BALTIMORE – The stakes barn at Pimlico Race Course is a one-stall, one-star staging area this week.
It is California Chrome in stall 40, the traditional residence of the Kentucky Derby winner. And it is everyone else, going about their equine business in obscurity leading up to the Preakness Saturday.
All eyes are trained on 3-5 favorite Chrome and his 77-year-old trainer, Art Sherman. The crowd around Sherman has necessitated a semi-formal morning press conference, a departure from the customary casual interactions between media and trainers. When Art talks, reporters flock.
That's largely because the modestly bred horse on a dazzling five-race winning streak is a great story. And because his human connections are an even better story. But it's also because the rest of the assemblage brings to these proceedings less buzz than a dying bumblebee.
The Kentucky Derby field annually contains the best and brightest 3-year-old colts in the land – along with a few overmatched dreamers. Besides California Chrome, only two other Derby horses are entered in the Preakness: Ride On Curlin (seventh in Louisville) and General a Rod (11th). Everyone else from the Derby bailed out on a $1.5 million race that is the second leg of the Triple Crown.
California Chrome has won three graded stakes races in a row, by a combined 14¼ lengths. The other nine horses in the field have combined to win two graded stakes races – Dynamic Impact in the Illinois Derby last month and Ring Weekend in the Tampa Bay Derby in early March. Winners of major 3-year-old spring races like the Arkansas Derby, Wood Memorial, Blue Grass Stakes and Florida Derby are all sitting this one out.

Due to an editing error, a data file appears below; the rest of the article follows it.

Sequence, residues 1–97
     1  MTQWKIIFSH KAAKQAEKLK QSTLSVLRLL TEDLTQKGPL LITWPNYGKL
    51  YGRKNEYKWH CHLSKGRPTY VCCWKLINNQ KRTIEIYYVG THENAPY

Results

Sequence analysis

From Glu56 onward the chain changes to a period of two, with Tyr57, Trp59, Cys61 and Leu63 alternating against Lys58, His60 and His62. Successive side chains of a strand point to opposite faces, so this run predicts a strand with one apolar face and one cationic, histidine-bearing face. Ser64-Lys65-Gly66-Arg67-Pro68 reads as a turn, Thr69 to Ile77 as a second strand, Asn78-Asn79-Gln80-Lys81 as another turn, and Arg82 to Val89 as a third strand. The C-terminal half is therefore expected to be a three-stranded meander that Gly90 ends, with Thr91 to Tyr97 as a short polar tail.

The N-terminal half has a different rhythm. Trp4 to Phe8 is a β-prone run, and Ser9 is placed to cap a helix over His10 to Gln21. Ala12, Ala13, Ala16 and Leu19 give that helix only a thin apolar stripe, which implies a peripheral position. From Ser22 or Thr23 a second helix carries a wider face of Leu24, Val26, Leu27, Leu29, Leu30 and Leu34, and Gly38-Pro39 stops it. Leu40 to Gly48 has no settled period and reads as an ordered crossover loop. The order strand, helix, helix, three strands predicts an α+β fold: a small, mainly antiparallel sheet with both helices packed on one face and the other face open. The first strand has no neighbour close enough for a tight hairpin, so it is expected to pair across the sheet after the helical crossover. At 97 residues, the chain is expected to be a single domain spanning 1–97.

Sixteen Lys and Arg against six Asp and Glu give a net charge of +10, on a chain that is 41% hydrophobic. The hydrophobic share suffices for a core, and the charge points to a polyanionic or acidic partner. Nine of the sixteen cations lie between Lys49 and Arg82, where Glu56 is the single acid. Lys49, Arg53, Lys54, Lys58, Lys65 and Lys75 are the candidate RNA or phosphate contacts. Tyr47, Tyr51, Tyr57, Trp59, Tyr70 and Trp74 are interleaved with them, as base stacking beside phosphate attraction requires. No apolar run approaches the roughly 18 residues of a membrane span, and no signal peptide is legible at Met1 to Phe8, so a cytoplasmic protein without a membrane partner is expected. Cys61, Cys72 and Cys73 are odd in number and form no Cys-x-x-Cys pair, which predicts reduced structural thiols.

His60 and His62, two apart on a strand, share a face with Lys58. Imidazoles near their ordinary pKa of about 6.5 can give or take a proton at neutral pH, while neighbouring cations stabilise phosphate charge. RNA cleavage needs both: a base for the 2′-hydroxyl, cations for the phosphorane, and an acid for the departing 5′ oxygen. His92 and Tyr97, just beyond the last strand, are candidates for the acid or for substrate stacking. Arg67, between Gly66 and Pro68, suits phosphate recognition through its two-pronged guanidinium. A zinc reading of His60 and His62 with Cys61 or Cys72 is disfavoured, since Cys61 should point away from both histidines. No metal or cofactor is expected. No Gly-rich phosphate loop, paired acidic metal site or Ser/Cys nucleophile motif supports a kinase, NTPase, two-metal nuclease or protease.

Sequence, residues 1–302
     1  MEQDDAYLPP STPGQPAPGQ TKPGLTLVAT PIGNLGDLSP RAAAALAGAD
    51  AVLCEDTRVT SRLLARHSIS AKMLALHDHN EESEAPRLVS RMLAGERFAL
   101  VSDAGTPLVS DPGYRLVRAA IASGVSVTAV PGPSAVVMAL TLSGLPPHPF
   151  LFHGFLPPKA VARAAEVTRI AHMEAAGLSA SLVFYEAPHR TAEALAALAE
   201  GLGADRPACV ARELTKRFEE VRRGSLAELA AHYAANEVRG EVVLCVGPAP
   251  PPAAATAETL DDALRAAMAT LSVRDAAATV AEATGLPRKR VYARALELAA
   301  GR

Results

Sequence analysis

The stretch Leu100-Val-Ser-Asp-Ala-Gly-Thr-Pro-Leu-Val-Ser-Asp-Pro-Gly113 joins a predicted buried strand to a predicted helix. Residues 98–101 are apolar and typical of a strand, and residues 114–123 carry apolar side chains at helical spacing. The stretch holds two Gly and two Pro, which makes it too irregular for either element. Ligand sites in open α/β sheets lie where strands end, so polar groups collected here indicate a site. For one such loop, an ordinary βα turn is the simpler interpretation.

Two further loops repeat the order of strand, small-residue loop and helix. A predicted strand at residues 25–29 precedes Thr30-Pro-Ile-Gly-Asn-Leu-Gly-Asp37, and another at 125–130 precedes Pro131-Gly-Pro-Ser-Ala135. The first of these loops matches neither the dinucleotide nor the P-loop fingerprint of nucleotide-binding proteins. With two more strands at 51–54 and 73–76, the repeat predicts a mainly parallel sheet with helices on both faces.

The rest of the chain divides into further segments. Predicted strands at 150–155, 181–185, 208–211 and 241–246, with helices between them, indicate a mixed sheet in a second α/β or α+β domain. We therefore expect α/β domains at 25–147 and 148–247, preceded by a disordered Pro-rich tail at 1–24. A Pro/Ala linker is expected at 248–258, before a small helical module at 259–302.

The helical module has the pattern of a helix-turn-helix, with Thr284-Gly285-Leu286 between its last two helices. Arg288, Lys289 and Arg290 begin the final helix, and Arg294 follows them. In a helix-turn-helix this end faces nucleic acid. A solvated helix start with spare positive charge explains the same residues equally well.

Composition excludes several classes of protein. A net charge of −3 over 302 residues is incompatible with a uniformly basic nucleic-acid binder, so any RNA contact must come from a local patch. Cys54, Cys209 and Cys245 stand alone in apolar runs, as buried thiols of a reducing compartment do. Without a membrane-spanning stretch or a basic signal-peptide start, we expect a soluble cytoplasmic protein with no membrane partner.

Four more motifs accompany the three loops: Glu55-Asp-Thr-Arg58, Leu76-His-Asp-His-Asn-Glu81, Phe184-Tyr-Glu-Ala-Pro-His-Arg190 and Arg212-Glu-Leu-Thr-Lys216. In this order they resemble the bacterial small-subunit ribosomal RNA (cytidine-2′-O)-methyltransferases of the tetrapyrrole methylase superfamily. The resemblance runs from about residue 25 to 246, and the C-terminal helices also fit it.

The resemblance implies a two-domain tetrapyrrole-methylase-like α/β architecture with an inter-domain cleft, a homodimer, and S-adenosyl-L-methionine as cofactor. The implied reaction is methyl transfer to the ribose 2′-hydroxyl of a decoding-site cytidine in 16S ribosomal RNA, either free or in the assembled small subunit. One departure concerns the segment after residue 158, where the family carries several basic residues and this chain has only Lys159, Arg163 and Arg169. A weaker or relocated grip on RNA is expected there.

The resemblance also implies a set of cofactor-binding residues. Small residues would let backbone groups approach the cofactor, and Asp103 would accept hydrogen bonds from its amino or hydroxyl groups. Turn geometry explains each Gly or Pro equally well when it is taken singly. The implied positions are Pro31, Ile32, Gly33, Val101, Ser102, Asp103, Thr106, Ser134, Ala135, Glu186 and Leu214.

"There's no bona fide stake horses in there," Sherman said last week, more a statement of fact than any kind of trash talk. "You've got to prove yourself."
This is not a Who's Who of horse racing. It's a Who's That.
The bleakness of this Preakness field emphasizes a fundamental flaw in thoroughbred racing's Triple Crown. It is run on an outdated calendar. The turnaround from the first Saturday in May to the third Saturday in May is not something most thoroughbred owners and trainers are interested in trying.
Almost nobody races their horses on two weeks' rest anymore, which is the time between the Derby and this race. The only horse in this year's Preakness field to have run on a two-week layoff is Bayern, who contested the Arkansas Derby April 12 and then came back to run in the Derby Trial April 26 to open Churchill Downs' spring meet. Trainer Bob Baffert is so excited about Bayern's chances that he hadn't even shown up at Pimlico as of Thursday morning, letting an assistant handle pre-race prep.
Baffert is the No. 2 trainer in the nation in terms of purse money won in 2014. The top trainer, this year and most years, is Todd Pletcher. He brought four horses to the Kentucky Derby but zero to the Preakness, skipping it for the third year in a row.
Instead Pletcher will plot a potential ambush of California Chrome with fresher horses at the Belmont Stakes June 7. That's not overly fair or sporting, but that's horse racing.